The oldest surviving English grand piano, built in London in 1772 by Americus Backers, has gone on display at Apsley House in London, home of the 1st Duke of Wellington, Arthur Wellesley.
Known to have been played by the Iron Duke’s wife Kitty (nee Pakenham), it has been suggested (although remains unconfirmed) that the piano belonged to the Iron Duke’s father, Lord Mornington, who was politician and a composer.
The piano, which has been loaned to English Heritage by Lord and Lady Douro and is expected to remain at the house for the foreseeable future, is the earliest example of a piano with loud and soft pedals and is illustrative of the impact Backers, described by some as “the father of the English grand pianoforte style”, had on the development of piano design.
While much of the detail of Backers’ life remains obscured, he was apprenticed to a piano builder in Saxony before coming to England in the 1750s and taking up residence in Jermyn Street in 1763 where he apparently lived until his death in 1778. He is known to have built both pianofortes and harpsicords.
The piano, the only known pianoforte by Backers still existing, was previously on loan to the Russell Collection in Edinburgh.
In celebration of the return of the piano to Apsley House, the residence is hosting a special concert this Tuesday (21st May), between 7pm-9pm – the first time the piano will have been heard for at least 5o years (albeit for a short period only with most of the concert performed on a 1781 Ganer. ‘The Duke of Wellington’s Music of the French Wars’ will be held in the Waterloo Gallery. Tickets are £45 each and limited seats are available. Call English Heritage Customer Services on 0870 333 1183 for bookings or see www.english-heritage.org.uk. PICTURE: Professor David Owen Norris, who has researched and devised the programme has been devised the programme for the evening, playing the piano.He will be joined by the soprano Amanda Pitt. Image courtesy of English Heritage.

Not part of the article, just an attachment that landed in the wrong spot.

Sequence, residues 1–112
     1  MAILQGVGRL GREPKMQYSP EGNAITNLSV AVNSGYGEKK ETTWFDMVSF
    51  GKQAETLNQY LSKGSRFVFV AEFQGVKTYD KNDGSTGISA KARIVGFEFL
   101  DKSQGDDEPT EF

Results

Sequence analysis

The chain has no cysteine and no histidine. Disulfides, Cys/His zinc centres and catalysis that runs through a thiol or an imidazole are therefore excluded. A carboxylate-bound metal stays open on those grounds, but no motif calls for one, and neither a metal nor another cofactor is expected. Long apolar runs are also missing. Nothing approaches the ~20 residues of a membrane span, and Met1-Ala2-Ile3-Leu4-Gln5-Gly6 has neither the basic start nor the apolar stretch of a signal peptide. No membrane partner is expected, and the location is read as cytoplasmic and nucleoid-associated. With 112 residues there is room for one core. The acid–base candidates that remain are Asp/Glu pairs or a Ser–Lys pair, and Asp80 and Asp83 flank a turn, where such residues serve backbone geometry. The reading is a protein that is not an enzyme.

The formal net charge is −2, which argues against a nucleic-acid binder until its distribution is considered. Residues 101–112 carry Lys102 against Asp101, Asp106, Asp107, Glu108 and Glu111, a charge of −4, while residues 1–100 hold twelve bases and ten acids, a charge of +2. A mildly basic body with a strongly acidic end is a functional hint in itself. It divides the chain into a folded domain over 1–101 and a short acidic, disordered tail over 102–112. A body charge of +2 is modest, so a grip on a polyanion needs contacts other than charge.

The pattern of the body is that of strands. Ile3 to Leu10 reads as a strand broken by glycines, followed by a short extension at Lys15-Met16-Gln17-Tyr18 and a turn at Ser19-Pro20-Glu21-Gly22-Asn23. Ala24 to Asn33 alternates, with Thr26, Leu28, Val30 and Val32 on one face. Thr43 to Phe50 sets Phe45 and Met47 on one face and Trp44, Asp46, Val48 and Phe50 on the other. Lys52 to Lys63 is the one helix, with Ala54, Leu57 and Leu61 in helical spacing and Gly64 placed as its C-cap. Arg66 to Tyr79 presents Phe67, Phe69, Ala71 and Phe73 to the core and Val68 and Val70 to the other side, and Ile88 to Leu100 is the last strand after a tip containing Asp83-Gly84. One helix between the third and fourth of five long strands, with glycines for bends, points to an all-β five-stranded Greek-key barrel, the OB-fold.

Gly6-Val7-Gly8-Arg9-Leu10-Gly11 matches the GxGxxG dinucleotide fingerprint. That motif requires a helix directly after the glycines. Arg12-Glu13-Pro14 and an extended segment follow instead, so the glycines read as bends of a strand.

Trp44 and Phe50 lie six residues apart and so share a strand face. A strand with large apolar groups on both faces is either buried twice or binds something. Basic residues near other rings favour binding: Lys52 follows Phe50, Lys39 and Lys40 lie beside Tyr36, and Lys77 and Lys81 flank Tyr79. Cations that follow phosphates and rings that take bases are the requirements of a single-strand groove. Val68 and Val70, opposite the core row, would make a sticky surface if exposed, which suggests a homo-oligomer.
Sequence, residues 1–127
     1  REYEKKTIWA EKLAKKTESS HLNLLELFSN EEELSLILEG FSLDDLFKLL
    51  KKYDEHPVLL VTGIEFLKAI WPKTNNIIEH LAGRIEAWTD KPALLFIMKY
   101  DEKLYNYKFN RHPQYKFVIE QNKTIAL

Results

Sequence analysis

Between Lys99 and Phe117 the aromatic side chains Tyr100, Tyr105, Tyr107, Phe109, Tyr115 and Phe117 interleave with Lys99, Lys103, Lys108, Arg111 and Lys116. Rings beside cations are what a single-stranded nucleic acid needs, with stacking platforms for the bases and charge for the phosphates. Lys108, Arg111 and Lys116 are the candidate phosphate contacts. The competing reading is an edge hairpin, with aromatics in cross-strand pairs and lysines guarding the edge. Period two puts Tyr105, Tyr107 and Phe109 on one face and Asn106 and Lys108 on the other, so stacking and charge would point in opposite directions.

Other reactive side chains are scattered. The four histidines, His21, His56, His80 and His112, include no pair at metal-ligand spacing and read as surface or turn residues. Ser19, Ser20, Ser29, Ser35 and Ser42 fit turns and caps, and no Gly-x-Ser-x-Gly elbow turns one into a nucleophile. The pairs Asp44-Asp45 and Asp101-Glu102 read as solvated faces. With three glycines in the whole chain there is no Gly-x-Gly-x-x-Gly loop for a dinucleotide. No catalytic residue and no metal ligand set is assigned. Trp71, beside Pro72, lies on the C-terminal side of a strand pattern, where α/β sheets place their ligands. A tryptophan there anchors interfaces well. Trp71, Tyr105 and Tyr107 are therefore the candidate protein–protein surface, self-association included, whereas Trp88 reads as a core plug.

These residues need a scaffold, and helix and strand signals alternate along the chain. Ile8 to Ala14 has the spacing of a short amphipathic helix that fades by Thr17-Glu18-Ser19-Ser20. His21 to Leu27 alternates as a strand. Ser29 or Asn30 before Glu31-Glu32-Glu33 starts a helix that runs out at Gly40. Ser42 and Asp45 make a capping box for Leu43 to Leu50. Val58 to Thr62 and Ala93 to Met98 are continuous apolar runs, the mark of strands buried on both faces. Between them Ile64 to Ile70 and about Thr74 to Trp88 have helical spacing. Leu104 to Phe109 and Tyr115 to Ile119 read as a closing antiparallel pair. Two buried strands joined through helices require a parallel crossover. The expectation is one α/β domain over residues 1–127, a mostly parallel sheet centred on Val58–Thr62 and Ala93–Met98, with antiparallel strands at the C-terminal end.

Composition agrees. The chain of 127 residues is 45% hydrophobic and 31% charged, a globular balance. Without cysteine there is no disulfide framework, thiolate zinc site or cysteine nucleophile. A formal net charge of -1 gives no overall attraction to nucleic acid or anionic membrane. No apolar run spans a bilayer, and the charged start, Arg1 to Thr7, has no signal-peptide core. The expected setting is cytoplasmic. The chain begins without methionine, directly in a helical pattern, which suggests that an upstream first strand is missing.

Freddie Fox (who plays Lord Alfred Douglas opposite Rupert Everett as Oscar Wilde in David Hare’s The Judas Kiss now playing at the Duke of York Theatre) marks the start of ‘White Shirt Week’ which kicked off in St James’s on Monday. The West End area is home to Jermyn Street which apparently boasts “the highest number of world renowned shirt makers on one luxury shopping street” with each shirt maker having their own signature design. While the origins of the white shirt date back as far as ancient Egypt, it was only in more recent centuries that in the UK the white shirt developed from being simply an undergarment to a fashion item in its own right – in fact, by the 19th century, the white shirt was worn by gentlemen as a statement that they weren’t engaged in manual labour and could employ servants to launder it. For more on St James’s, see www.stjameslondon.co.uk.
Generally acknowledged as having introduced the concept of men wearing a suit and tie during the Regency, ‘Beau’ Brummell’s sense of fashion continues to impact the way we dress right across the globe.
George Brummell was born in London 0n 7th June, 1788, the son of William Brummell, the private secretary of Lord North. Educated at Eton and Oxford, Brummell later joined the army and it was there that he became friends with George, Prince of Wales (the future King George IV). It was the prince who aided his promotion to captain before he resigned his commission.
Setting up home in Chesterfield Street, Mayfair, using the small fortune he inherited on his father’s death, Brummell became a member of the prince’s inner circle and quickly established a reputation for his elegant – and sober – dress sense and skills at the art of conversation.
But Brummell’s talent for spending above his means and his reckless gambling began to catch up with him as did his, at times, overly sharp tongue, and he gradually fell out of favour with his highly placed friends, including the Prince Regent whom he is said to have famously insulted after the prince snubbed him.
In 1816 he fled to France to escape debtor’s prison and remained there for the rest of his life. While friends helped him to secure the position of British consul in Caen briefly during the 1830s, he gradually slipped into decline and spent time in a French debtor’s prison until, impoverished and now insane, he died in an asylum in Caen in 1840.
Brummell, whose life has since inspired numerous books, plays and films, can be seen standing on Jermyn Street where a statue of him by Irena Sedlecka was erected in 2002 (pictured). His legacy to fashion lives on.